Archival Film Festivals and Japan


A couple of years ago, I wrote a review of Tokyo FILMeX's "Nippon Modern" retrospective of Shochiku films from the 1920s and 1930s for Undercurrent, the online journal of FIPRESCI. It was a critical take on not just the retro, or even Sato Tadao's article for the catalog, but of a longer history of Japanese critics and institutions declining to think sufficiently about Japanese film history, in part by not thinking about the history of thinking about cinema in Japan. The piece was another in my efforts to think about the history and problems of film theory in Japan, which I mentioned in my last entry.

The Undercurrent article caught the eye of Alex Marlow-Mann, who asked me to expand on it for a volume in the "Film Festival Yearbook" series put out by St Andrews Film Studies. This volume, number five in the series, was on archival film festivals. My piece, entitled "Retrospective Irony: Film Festivals and Japanese Cinema History," sketches the history of retrospectives of Japanese film originating in Japan, beginning with those organized by the Kawakita Nagamasa and his wife Kashiko (the Kawakita Memorial Film Institute), and explores what kind of Japanese cinema they were constructing, especially for a foreign other. As with the Undercurrents piece, I note how these retros frequently did construct a Japan or Japanese cinema that was itself not supposed to be the object of critical theory, even when these events were held at home.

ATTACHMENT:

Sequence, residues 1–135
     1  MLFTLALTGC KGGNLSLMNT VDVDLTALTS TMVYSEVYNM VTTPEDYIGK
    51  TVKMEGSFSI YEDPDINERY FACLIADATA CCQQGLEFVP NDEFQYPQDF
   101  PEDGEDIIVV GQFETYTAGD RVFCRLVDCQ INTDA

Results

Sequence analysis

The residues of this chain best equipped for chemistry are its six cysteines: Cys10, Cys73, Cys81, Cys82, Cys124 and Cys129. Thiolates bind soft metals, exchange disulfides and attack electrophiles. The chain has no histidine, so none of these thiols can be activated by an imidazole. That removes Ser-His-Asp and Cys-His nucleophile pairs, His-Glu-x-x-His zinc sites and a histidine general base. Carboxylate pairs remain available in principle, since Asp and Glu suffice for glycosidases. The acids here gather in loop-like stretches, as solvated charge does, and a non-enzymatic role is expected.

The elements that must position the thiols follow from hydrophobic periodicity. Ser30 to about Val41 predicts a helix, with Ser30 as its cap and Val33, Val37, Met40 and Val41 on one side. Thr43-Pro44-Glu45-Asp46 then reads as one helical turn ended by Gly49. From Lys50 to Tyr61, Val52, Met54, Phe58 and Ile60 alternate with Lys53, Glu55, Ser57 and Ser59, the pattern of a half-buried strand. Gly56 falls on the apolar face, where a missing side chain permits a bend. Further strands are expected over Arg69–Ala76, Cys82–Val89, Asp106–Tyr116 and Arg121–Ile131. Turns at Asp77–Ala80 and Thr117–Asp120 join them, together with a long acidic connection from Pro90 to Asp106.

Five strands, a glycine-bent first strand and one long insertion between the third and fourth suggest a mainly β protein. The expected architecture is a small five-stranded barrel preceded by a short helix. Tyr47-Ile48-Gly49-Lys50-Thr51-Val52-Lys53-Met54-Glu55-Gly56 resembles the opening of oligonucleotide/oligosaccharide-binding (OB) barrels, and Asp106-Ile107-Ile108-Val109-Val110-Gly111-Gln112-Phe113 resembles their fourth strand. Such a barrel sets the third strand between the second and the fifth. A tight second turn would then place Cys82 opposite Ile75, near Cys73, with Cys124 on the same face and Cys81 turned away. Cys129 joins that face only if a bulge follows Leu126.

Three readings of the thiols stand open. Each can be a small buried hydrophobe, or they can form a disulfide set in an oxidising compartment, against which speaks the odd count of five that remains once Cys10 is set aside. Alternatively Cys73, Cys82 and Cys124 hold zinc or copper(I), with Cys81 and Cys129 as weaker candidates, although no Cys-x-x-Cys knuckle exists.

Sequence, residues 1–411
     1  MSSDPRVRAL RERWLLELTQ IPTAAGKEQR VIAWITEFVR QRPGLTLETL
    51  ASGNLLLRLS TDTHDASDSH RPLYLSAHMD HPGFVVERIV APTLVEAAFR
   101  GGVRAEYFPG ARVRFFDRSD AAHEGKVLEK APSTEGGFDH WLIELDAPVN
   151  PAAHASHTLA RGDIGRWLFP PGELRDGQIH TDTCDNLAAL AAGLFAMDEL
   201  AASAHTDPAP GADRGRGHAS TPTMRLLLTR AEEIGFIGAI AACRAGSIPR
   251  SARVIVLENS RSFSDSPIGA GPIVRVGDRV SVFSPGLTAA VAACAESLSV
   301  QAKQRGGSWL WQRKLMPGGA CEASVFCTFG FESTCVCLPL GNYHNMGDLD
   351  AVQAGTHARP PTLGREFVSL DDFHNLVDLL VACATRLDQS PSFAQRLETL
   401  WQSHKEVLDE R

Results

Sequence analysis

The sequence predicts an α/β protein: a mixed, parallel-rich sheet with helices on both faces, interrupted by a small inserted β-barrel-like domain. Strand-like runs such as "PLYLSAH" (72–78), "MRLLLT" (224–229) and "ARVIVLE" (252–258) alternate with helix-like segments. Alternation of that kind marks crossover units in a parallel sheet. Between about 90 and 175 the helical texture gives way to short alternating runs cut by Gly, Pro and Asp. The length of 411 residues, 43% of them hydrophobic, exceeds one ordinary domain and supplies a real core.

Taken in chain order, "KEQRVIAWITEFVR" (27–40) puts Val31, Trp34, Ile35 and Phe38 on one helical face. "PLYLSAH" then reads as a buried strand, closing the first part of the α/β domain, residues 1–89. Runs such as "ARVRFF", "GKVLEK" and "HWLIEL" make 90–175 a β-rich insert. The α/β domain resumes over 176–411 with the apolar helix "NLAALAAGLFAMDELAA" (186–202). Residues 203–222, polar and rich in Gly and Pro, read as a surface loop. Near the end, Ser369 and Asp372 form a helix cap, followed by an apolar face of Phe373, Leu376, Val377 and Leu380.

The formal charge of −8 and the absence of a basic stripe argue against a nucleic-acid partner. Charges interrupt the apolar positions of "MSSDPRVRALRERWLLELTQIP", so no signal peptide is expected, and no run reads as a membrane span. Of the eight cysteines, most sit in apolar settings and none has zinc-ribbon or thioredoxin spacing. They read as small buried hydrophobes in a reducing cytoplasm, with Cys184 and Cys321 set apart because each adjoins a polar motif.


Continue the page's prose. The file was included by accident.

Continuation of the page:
My piece is a bit of an outlier in the volume, which has many excellent pieces on the issue of archival festivals, on specific festivals like Pordenone and Bologna, as well as interviews with some of the key players. You can get the book at Amazon:

Alex Marlow-Mann, ed. Film Festival Yearbook 5: Archival Film Festivals (St Andrews: St Andrews Film Studies, 2013)

Note that the same series has another volume on festivals in East Asia, with a number of good pieces by colleagues like Abé Mark Nornes, Chris Fujiwara, Julian Stringer, and Tom Vick:

Dina Iordonova and Ruby Cheung, eds. Film Festival Yearbook 3: Film Festivals and East Asia (St Andrews: St Andrews Film Studies, 2011)

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